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Martinsburg resident asks for 'unified' policy to wipe out graffiti

July 12, 2013|By MATTHEW UMSTEAD | matthewu@herald-mail.com

MARTINSBURG, W.Va. — A resident urged Martinsburg City Council on Thursday to adopt a “unified” anti-graffiti policy that could allow residents as well as the city workers to wipe out gang-related markings and other illicit writing and drawing within hours after they are discovered.

Kimberly Nelson of Boyd Avenue suggested the city could generate money to pay for a more vigorous response to the vandalism by establishing a street sweeper schedule and fining residents who fail to adhere to it by temporarily moving their vehicles.

Nelson cited instances where graffiti in Martinsburg had not been quickly removed, which she said only attracts more “tags” by other gangs marking their territory or other individuals.

Nelson said she would like the city to change the city’s ordinance to allow for graffiti to be quickly covered up so “there’s just no leaving it” to attract more degradation.

Mayor George Karos, who thanked Nelson for her comments, noted the city already discovered graffiti along parts of the yet to be opened extension of Raleigh Street.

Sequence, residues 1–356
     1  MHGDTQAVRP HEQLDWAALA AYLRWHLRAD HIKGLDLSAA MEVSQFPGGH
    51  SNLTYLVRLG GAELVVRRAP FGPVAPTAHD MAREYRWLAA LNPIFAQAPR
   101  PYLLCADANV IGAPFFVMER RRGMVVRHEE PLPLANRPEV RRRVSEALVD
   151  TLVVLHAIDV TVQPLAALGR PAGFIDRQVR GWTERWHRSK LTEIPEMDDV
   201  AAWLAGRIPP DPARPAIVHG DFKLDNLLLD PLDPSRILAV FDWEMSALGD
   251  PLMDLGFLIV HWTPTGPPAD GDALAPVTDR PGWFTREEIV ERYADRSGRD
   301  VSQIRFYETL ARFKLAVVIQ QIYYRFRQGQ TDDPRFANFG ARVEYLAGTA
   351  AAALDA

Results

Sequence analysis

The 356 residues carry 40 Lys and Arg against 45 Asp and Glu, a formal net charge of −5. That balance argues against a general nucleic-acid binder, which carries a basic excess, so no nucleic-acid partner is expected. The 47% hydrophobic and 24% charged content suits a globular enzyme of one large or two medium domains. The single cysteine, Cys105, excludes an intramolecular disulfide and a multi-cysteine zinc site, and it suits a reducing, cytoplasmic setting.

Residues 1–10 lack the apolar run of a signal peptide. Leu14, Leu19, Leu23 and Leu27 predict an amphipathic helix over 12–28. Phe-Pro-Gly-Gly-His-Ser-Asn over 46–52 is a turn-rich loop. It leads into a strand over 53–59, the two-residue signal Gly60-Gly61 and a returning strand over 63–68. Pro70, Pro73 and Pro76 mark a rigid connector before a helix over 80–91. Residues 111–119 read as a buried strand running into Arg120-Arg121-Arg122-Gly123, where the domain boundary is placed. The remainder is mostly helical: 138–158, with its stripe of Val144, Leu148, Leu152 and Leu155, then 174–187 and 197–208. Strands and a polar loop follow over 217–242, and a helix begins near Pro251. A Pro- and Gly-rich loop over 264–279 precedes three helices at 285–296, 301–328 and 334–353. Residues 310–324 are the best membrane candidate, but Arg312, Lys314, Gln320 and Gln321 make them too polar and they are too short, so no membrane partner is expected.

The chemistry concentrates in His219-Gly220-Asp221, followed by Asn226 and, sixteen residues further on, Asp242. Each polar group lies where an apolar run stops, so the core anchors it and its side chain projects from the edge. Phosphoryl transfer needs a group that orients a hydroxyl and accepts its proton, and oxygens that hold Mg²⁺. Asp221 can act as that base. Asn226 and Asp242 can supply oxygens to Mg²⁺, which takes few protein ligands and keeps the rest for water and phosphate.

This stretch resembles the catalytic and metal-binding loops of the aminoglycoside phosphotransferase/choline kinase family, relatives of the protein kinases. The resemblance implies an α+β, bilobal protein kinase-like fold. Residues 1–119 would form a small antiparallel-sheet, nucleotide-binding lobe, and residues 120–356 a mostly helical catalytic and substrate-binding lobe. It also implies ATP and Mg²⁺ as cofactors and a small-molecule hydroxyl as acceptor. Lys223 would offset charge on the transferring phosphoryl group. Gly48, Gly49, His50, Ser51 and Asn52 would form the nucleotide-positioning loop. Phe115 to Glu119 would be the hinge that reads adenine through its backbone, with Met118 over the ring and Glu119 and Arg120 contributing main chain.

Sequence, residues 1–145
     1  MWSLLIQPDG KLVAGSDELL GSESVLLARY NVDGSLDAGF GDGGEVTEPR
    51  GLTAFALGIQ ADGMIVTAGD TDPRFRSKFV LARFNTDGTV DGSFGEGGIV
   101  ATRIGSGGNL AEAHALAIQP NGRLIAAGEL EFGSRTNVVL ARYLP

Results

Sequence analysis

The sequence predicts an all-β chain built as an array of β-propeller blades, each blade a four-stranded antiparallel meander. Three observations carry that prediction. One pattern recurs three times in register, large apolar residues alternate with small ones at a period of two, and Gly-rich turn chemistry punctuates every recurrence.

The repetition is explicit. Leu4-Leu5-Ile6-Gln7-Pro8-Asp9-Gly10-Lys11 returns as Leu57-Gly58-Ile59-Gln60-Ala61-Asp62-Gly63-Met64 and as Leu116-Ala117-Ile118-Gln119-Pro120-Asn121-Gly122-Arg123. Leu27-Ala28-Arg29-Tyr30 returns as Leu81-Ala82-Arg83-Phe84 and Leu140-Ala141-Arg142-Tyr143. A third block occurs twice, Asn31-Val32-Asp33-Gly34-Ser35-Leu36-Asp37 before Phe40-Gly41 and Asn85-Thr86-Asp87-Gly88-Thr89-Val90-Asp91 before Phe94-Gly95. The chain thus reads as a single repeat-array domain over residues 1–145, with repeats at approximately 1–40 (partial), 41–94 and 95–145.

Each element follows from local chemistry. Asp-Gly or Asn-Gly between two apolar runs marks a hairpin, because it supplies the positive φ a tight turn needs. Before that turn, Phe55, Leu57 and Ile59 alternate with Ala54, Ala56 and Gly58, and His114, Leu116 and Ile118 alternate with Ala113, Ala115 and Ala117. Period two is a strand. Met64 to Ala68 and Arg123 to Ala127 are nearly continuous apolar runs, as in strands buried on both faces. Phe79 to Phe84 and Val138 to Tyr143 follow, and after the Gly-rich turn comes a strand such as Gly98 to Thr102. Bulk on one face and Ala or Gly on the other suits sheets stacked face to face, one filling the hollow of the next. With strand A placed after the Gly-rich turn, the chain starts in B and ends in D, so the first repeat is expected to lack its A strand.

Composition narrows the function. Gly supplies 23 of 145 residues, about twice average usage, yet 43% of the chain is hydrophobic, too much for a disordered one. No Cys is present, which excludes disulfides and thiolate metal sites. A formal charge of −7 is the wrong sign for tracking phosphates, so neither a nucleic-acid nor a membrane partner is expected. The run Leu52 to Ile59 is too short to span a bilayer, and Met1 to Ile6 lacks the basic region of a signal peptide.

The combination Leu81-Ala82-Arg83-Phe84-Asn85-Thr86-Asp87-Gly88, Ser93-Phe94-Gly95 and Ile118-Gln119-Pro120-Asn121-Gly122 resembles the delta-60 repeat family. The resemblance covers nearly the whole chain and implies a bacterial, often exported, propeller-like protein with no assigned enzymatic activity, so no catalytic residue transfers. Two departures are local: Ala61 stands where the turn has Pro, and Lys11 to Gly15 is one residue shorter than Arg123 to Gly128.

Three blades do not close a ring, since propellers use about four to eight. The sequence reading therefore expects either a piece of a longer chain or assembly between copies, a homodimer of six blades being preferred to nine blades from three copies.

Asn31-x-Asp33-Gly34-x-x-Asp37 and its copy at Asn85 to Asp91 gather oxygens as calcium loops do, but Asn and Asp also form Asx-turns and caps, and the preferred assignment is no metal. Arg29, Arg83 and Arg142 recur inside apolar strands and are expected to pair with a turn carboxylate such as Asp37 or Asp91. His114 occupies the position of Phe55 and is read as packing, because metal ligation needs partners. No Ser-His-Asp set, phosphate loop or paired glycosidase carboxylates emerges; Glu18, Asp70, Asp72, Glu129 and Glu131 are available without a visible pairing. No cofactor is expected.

City Attorney Floyd M. “Kin” Sayre III conceded to Nelson that the city’s code enforcement process for addressing vandalism and other violations can sometimes be “lengthy in nature.” Sayre told city council members that he would be willing to look at possible ordinance changes that could be made within the parameters of state code.

Examples of graffiti cited in the discussion with city officials Thursday were negative statements made about the police and gang tagging, among others.

n In other matters Thursday, the city council unanimously voted to authorize City Manager Mark Baldwin to apply for state funding to replace the Oak Street bridge.

The city would pay 20 percent of the bridge cost through the state Department of Transportation’s bridge replacement program, which Baldwin told council members does have funding available for the project.

Based on a number of assumptions, state officials estimated the bridge would cost $1,295,400, with the city’s share being more than $250,000, according to Baldwin.

An agreement prepared by the state for the city to consider still needs to be finalized and it will include a new estimated cost, Baldwin told the council.

Baldwin said he would work to protect the option not to proceed with construction of the bridge should new cost estimates be too expensive, but the city would still be responsible for its share of the design work.

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